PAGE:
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Every question we ask people on a web form requires them A) to understand what the question is B) think about how they're going to respond to it and then 3) put in their answer in the affordance we've provided for them. That's a lot of thinking for every single question we ask. As a result it makes a lot of sense to be very vigilant about everything we're putting in front of people. As I mentioned earlier in talking about form length, asking ourselves, Can this question be removed? Can this question be postponed? Or, can it be inferred based on information we already know? In other words, what are the ways we can really cut down on unnecessary inputs.
There are some obvious examples, but there are also a few that take a little bit of thought, but the benefits can be really big. So let's look at an example from eBay's original registration form. This was pre-2004 so around 2003 and when somebody actually signed up to use eBay to either buy or sell something of interest to them they were asked a series of questions. Some of these questions were pretty standard like your email address, your full name, not that confusing. But right after that information was a series of questions titled optional that asked you, how did you hear about eBay? Not too bad.
What's your date of birth? Why did you need to know that? Annual Household Income? Hold on a second, why is this information necessary for me to join eBay? Even though the section was labeled optional information at the top, it's still crept people out. In fact, this was a key point of drop-off in this registration form. So what the team did when they actually redesign the eBay registration process as they took these unnecessary inputs and they ask them after someone had already registered. This change of context around these questions actually dramatically increased the percent of people who have filled these in.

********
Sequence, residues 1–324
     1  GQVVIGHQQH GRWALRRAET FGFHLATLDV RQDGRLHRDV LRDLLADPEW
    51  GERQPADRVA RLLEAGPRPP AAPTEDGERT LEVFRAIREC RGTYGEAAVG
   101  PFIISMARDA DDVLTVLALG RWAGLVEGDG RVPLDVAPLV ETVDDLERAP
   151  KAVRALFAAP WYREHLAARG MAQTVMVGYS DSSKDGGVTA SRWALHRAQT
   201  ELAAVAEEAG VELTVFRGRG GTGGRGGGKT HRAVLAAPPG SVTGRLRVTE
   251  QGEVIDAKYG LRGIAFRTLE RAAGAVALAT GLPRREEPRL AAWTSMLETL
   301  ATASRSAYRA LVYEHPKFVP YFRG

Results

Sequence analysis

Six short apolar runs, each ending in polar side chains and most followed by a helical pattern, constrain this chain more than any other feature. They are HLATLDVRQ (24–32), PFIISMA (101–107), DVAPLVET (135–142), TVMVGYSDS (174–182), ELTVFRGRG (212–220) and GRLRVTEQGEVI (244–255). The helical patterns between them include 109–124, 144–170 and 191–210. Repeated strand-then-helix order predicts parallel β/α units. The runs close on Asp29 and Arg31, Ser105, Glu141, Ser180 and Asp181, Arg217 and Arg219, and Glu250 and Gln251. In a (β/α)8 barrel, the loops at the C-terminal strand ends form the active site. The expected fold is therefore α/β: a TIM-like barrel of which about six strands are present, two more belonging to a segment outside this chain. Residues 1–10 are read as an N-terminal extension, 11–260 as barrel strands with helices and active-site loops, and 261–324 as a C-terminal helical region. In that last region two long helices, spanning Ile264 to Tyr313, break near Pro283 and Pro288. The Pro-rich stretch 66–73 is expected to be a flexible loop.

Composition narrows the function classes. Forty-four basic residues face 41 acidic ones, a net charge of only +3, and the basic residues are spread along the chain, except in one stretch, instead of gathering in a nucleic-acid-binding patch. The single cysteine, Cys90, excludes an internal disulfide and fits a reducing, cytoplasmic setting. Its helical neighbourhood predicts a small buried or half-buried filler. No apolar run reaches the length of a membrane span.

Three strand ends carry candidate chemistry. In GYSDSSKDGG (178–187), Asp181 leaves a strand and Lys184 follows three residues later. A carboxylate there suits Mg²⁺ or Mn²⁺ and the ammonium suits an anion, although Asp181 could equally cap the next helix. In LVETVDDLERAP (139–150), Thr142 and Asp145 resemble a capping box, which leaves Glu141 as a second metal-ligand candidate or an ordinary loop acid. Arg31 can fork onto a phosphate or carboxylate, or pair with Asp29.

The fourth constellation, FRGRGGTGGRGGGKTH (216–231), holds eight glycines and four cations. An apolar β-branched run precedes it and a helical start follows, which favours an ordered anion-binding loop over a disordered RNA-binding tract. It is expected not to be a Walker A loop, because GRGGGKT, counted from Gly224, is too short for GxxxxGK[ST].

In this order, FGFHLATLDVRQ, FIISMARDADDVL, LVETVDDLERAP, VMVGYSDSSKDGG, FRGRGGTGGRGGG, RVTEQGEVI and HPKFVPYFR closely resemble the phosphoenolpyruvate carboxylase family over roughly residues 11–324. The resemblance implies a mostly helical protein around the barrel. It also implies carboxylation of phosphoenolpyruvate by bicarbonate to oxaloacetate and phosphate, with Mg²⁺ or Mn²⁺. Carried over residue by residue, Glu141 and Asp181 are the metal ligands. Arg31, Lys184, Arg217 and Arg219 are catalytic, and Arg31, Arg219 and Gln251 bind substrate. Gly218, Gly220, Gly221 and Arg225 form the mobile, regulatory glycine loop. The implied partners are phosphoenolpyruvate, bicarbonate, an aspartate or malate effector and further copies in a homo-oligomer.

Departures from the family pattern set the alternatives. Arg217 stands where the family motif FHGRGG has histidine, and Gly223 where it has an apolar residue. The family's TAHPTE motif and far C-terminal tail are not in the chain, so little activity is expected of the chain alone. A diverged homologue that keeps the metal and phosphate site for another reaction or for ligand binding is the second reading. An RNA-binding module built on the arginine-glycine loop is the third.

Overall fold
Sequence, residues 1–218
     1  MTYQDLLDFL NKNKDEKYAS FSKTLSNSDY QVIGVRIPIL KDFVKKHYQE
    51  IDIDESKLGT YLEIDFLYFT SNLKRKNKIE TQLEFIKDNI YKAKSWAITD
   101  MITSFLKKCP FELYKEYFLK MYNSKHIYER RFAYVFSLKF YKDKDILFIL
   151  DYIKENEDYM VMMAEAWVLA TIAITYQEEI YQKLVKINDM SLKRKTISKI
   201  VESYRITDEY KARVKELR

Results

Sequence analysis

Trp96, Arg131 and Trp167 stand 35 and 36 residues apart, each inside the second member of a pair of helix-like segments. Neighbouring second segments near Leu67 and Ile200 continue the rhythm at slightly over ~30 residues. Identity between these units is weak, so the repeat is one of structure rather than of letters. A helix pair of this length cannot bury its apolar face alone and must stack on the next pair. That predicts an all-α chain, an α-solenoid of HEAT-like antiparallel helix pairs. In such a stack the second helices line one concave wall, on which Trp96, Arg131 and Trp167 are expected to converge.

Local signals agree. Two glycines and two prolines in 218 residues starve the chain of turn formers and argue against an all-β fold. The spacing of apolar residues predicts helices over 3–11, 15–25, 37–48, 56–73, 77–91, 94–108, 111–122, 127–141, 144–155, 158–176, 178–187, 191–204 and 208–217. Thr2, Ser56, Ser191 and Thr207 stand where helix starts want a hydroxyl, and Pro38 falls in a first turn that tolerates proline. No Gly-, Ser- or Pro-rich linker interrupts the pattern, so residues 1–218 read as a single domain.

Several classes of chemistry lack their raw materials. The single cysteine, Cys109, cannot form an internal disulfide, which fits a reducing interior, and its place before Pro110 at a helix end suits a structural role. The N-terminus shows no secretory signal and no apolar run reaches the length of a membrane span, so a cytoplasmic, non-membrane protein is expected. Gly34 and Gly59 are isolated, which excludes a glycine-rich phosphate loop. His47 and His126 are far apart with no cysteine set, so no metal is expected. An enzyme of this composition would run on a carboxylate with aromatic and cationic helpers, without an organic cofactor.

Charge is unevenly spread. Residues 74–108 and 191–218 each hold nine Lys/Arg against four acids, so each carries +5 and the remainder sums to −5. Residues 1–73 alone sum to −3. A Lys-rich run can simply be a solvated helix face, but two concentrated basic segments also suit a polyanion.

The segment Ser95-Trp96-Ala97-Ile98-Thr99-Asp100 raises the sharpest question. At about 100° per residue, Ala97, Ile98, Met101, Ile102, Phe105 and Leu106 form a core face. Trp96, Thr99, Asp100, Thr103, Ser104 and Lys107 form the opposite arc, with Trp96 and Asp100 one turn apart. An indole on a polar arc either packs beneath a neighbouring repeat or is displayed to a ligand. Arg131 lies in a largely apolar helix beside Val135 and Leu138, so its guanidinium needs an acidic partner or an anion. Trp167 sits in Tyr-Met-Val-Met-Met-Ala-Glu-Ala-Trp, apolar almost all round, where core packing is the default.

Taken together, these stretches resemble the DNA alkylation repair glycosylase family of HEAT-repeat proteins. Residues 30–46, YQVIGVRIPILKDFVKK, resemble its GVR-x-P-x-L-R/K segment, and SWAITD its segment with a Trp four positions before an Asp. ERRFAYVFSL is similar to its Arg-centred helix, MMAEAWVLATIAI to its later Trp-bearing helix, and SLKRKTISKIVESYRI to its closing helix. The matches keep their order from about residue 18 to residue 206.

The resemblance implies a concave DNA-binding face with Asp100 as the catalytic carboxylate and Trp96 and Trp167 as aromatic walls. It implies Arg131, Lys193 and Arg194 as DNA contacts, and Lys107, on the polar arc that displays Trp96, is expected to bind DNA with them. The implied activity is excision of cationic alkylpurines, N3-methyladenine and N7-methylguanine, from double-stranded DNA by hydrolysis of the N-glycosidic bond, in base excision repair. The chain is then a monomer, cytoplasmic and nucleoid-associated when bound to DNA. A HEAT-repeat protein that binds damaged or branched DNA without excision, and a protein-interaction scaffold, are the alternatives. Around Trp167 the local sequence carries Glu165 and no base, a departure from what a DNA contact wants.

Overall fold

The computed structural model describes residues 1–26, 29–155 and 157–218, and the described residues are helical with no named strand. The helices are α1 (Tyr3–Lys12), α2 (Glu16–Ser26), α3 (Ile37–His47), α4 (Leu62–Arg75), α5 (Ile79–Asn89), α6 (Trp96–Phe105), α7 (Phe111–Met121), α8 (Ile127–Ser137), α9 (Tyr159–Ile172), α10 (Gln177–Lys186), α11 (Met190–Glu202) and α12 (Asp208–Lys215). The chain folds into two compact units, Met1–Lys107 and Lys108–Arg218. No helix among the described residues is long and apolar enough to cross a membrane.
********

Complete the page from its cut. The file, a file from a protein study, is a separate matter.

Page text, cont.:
If thought the thinking probably would something like this okay, I've registered now you're asking me for a little bit of additional information I'm happy to help out, or, ooo this looks a little bit like the survey. When the same questions were asked in the actual registration form they felt intrusive and out of place. I'd need to know my household income if all I'm trying to do is buy a laser pointer on eBay. So unnecessary inputs can be dictated by context, but they can also be dictated by things that we can infer. There as an example, let's look at a pretty standard payment form, this one comes from PayPal and here they're asking me for my billing information associated with the credit card.
So it makes sense to ask, what credit card I'd be paying with, right? You can note that the third input field is card type, I can pick MasterCard, Visa, American Express. Yet, it really turns out that this is an unnecessary input and it's not one that's glaringly obvious at first sight, but in the redesigned PayPal form you'll note that they put this payment type information after the credit card number, because based on the credit card number that you enter, they can actually tell what credit card you're using. It's not necessary for them to ask you to specify what credit card type you're paying with.
They know a credit card that's starts with 5 is a MasterCard. This example has been applied to other places and it's worth noting some of the usability details that come along with this type of solution. On Apple, they're actually doing something that I consider to be a no-no. What happens here is they put the pictures of the card that they support before they ask you for the number. So people when they see these images are quite inclined to actually click on one of them to select the type of card, they see it as a question, even though it's simply series of images.